As a scholar in the field of conflict I spend a lot of time analyzing the dual concern model. One of the basic ideas of this model is that the actors in a conflict determine how important their goals are in relation to the other party’s concern for or against the same goal. Basically you are weighing your own willingness to fight for something against your perception of your opponent’s willingness to fight against it.
The model provide four basic strategies, plus a fifth alternative. I was introduced to the model when I read Social Conflict: Escalation, Stalemate, and Settlement (3rd Edition) by Dean Pruitt and Sung Hee Kim. Pruitt & Kim, very generally, describe the strategies this way: when neither side cares about a particular outcome, you avoid, that is you take no action. If you care about a particular outcome and the other side doesn’t, you contend, or push the other side to concede. If you don’t care about something that is important to the other side, you yield, let them have what they want. If both sides care about a particular outcome then they work together to problem solve. The fifth alternative is compromise, a mutually disagreeable solution.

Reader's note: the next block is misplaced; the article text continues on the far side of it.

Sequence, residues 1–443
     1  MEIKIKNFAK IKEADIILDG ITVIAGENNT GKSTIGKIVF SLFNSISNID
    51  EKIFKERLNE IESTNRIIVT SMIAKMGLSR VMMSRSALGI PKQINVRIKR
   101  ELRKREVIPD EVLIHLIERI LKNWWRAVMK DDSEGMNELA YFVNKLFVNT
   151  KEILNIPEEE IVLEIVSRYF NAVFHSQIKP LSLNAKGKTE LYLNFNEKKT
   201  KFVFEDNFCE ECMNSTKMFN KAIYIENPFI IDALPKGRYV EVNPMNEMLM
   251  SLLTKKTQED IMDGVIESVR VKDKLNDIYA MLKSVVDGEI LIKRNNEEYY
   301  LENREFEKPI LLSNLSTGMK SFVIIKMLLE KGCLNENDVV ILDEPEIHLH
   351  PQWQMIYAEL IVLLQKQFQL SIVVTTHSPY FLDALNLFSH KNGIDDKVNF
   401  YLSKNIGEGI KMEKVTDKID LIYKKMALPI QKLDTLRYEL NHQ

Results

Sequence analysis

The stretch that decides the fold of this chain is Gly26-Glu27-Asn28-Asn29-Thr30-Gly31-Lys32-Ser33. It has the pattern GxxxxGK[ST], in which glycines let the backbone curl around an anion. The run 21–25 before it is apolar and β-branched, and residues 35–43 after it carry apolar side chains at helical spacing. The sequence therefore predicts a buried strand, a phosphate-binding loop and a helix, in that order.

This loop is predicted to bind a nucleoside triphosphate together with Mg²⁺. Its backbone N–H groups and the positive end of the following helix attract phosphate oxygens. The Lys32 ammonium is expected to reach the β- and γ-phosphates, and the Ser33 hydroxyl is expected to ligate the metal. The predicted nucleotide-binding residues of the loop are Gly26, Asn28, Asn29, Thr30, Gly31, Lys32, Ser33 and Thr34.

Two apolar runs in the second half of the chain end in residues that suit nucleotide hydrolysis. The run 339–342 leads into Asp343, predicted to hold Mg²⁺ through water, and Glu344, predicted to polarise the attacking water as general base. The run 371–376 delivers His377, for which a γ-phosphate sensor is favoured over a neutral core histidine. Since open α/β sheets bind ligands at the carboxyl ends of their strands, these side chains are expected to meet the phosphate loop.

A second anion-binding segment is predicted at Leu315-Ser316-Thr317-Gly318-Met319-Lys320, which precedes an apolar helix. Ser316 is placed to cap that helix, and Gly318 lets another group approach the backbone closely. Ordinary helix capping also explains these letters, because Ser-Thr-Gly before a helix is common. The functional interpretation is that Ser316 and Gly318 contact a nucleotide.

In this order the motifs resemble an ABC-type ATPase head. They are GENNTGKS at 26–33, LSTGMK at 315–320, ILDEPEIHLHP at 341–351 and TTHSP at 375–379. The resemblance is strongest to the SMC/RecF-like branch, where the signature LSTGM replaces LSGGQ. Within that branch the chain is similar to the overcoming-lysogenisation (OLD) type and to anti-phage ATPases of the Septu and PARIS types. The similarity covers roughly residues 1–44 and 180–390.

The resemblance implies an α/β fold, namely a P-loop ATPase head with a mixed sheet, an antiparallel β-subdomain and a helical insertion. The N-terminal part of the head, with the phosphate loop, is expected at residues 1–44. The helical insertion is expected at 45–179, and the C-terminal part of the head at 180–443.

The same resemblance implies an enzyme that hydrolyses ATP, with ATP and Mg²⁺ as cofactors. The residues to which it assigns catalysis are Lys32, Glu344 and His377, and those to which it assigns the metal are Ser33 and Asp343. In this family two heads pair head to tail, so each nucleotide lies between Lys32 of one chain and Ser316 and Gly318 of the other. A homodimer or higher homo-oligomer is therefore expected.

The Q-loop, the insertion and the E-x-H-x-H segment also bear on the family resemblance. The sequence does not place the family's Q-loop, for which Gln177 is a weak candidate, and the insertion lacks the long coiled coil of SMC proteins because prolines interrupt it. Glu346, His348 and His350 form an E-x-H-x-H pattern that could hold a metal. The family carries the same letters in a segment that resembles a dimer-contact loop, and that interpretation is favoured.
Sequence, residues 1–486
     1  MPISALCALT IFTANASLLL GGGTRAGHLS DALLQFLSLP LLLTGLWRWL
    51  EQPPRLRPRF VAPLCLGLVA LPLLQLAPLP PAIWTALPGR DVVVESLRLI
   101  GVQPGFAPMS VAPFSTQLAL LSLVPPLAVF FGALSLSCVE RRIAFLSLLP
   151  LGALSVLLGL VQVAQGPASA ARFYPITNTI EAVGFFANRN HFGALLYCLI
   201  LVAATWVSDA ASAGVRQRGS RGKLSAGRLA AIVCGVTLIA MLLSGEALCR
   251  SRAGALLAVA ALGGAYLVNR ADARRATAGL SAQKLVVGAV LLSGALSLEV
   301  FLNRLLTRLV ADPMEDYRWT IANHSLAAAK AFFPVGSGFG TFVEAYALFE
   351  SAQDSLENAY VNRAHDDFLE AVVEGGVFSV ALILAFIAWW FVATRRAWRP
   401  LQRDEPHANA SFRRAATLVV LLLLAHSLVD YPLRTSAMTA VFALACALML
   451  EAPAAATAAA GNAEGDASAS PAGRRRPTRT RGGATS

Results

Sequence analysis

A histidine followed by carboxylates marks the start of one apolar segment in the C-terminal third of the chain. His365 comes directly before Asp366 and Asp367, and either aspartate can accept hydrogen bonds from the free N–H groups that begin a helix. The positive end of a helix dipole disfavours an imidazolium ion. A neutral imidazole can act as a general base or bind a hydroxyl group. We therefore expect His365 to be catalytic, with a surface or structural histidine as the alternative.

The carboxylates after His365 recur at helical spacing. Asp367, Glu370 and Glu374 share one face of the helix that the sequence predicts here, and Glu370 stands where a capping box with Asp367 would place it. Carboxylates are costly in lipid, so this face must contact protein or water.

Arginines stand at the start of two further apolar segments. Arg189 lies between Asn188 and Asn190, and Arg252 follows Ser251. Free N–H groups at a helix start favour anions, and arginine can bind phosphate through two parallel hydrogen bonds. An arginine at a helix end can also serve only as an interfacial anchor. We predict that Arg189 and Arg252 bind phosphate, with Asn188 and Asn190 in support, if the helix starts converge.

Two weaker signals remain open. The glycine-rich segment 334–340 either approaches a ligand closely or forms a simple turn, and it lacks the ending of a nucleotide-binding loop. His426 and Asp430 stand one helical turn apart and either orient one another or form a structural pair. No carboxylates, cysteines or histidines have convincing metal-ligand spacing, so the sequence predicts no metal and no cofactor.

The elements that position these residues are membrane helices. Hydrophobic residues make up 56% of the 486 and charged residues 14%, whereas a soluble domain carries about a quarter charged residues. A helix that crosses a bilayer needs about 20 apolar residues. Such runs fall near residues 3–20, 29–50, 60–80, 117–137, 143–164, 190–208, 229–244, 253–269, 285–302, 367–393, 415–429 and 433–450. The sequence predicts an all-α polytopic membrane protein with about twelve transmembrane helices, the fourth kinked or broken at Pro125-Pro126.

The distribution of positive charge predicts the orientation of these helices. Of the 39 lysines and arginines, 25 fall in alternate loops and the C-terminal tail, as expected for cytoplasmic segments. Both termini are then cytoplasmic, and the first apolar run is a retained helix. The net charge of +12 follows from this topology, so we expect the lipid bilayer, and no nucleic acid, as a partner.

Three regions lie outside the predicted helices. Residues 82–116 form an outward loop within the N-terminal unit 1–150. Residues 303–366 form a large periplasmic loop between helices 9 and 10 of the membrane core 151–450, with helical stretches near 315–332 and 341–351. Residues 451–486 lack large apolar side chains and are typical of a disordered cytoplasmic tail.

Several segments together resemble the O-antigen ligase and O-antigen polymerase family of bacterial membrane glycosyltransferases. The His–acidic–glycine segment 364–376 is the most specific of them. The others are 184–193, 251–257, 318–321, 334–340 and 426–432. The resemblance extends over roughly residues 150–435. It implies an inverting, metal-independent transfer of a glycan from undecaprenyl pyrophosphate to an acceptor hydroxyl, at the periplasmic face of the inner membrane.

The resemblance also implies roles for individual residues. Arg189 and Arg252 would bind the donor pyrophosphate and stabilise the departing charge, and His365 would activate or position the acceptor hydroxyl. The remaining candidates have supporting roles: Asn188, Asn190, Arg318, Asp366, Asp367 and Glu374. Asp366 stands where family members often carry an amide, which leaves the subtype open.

I spend a lot of time thinking about the problem solving part of the model. Problem solve sounds nice. The model makes it seem like the contending parties are just going to come together and work everything out, calmly and rationally. This leads to one of my biggest criticisms of the field of conflict studies: the blind optimism that every conflict that can be resolved.
Don’t get me wrong, problem solving can be calm and rational, but it requires calm and rational participants. In my personal experience, not all people approach conflict in a calm and rational manner. Pruitt and Kim do have a chapter on contentious tactics in their book, so they are not turning a blind eye to the fact that conflict is not always so easily resolved.
Problem solving describes a situation where both sides are placing a high level of importance on the outcome. Both sides want it to go their way. If the parties involved are calm and rational, then there is a good chance that they can discuss the issues and create a solution that fully satisfies each side. I would guess that more often than not emotion and pride quickly move participants beyond calmness and rationality.
I suppose it is philosophically a good idea for students and practitioners of conflict resolution to believe that all conflict is resolvable. I suppose also that as a matter of pragmatism it is heartening for people to believe that all problems can be solved. I may be cynical, but I know one bad actor can destroy an optimistic outlook. One of my colleagues put it best when he wrote, “Conflict is inevitable, resolution is not.”